Since the package’s first draft was publicized in November, 2002, its proposed Nuclear Safety Directive has been through many rewrites which some observers say has taken out its biting teeth. For instance, each EU nation in the original document was to report on its progress toward realizing the nuclear safety directive every year. In its present draft form, the package stipulates nations have only to report every three years on their progress.

It has been criticised as a set of mere “common safety principles” recommended to member states. Environmentalists and some MEPs argue it will bring about no significant changes in nuclear safety. All EU and candidate countries that have nuclear power plants are, furthermore, already party to the International Atomic Energy Agency, or IAEA’s, Nuclear Safety Convention, whose responsibilities are similar to that which is codified in the nuclear package.

“The whole annex on decommissioning of nuclear facilities has been removed from the Nuclear Safety Directive and there is no intention of addressing the issue of segregated funds under the Euratom Treaty,” said Antony Froggatt an independent nuclear analyst, according to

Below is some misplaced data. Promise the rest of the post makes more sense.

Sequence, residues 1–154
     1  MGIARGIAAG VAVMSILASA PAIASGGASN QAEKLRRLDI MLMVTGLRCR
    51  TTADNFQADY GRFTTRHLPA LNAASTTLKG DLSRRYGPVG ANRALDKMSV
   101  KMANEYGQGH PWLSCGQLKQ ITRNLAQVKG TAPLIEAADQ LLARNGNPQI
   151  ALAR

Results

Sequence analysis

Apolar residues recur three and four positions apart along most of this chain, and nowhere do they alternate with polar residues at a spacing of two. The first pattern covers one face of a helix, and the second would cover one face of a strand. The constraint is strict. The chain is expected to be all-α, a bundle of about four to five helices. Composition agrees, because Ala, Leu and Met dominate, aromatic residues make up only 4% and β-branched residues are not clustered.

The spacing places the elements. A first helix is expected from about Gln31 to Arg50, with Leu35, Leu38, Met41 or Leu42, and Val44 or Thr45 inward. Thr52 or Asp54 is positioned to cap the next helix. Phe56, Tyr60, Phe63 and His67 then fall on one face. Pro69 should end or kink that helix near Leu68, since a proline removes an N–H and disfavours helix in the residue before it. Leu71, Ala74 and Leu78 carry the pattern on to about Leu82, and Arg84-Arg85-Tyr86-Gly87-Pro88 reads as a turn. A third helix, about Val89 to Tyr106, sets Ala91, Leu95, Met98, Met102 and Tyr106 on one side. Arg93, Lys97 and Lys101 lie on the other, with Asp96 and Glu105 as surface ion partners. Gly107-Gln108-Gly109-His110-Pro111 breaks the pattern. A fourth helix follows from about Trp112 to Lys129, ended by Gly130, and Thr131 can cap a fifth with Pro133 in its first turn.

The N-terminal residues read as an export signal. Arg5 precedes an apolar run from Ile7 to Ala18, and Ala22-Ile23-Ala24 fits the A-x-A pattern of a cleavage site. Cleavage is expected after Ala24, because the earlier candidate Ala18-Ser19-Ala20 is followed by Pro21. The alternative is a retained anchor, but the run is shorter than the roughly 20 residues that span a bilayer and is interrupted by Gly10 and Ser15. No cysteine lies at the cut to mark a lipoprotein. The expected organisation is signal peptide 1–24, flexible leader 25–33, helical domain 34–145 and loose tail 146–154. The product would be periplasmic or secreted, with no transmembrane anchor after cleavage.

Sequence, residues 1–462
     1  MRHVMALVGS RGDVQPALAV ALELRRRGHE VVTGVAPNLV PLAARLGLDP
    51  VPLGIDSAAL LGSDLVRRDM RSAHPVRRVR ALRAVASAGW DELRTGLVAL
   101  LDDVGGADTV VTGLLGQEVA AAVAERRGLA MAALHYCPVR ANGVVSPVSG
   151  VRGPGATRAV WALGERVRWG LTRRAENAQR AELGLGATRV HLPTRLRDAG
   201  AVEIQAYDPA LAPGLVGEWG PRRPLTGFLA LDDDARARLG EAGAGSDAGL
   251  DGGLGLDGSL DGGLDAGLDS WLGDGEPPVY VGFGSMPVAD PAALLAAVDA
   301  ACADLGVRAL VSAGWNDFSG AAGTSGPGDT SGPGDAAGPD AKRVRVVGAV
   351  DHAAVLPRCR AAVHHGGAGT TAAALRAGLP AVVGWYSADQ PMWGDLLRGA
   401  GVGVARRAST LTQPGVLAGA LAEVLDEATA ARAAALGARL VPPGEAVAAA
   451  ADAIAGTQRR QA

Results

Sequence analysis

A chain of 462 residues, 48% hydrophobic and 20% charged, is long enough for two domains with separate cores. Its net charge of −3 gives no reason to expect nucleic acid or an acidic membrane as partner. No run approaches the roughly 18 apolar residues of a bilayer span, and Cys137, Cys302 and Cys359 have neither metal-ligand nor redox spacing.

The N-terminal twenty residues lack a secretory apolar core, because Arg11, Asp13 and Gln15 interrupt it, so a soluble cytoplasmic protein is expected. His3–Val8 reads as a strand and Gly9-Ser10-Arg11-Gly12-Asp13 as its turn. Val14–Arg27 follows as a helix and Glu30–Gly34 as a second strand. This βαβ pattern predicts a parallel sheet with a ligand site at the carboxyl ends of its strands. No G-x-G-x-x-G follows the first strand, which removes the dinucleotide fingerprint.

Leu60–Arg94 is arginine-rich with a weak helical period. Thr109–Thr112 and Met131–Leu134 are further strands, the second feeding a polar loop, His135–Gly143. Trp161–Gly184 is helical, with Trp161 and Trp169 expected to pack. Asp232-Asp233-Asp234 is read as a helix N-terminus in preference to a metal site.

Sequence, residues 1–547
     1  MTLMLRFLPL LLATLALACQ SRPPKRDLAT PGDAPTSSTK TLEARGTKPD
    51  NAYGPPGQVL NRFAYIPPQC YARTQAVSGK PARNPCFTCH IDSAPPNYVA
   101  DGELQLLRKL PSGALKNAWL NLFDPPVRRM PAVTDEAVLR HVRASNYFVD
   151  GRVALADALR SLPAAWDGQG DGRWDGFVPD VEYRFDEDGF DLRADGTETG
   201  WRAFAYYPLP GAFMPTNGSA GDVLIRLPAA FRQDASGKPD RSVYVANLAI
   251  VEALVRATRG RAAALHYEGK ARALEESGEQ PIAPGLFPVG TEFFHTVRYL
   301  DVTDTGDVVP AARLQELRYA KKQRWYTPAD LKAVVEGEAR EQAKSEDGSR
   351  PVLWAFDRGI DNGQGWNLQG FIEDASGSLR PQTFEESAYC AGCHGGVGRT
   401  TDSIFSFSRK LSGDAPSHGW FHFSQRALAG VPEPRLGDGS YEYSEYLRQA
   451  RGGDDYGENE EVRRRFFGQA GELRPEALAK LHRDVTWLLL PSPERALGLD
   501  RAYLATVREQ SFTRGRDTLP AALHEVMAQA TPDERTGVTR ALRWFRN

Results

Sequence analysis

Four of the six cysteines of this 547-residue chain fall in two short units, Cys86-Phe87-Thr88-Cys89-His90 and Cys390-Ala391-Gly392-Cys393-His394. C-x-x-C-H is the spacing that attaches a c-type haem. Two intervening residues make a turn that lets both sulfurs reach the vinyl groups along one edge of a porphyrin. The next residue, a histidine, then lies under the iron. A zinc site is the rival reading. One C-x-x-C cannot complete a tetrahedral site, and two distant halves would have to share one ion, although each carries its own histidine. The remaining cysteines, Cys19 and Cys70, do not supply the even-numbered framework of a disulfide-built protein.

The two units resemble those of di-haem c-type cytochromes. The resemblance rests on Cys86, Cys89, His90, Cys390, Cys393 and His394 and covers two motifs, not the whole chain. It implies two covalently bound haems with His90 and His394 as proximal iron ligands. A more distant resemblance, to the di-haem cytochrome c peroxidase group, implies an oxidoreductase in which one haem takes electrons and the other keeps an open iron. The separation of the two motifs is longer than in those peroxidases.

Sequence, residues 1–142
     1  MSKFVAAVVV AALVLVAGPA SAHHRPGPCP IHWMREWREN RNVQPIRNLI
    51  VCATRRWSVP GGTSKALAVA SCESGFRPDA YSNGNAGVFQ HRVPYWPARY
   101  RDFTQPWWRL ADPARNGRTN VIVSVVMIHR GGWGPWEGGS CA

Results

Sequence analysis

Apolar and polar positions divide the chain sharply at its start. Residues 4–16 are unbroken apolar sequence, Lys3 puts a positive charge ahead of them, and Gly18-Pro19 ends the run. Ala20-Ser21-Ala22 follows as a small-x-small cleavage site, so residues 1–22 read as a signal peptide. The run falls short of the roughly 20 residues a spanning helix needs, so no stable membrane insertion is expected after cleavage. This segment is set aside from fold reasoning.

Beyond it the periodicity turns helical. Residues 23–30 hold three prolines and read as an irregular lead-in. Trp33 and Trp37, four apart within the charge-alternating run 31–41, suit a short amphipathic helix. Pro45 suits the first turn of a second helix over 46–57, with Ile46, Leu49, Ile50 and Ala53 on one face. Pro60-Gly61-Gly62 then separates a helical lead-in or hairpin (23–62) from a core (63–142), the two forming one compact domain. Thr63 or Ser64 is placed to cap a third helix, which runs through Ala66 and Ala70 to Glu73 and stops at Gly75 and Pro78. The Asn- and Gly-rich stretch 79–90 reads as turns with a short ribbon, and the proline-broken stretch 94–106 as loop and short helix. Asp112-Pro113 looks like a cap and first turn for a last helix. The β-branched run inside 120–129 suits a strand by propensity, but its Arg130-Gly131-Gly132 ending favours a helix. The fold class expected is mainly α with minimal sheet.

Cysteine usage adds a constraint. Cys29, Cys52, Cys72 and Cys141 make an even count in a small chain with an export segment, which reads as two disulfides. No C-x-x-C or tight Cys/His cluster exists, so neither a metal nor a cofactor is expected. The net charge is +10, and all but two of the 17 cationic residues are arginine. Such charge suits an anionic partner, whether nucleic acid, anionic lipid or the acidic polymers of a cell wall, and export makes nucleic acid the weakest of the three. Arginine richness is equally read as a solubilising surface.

This would mean that money gathered for the funds could unfairly support the development of the nuclear industry—funds that can be used for more or less anything involving nuclear development on the continent. This, in its turn, would create a market distortion as other EU energy sectors do not receive such generous funding.


Complications in nuclear trade relations after EU expansion
The EU and Russia are important partners in the energy field: 53percent of Russia’s oil exports go to the EU, representing 16 percent of total EU oil consumption. Sixty two percent of Russia’s natural gas exports go to the EU, making up 20 percent of total EU natural gas consumption. The EU-Russia Energy Dialogue, which was launched in October 2000 “to make progress in the definition and arrangements for the EU-Russia Energy Partnership,” covers oil, gas, electricity, coal, nuclear power and energy efficiency.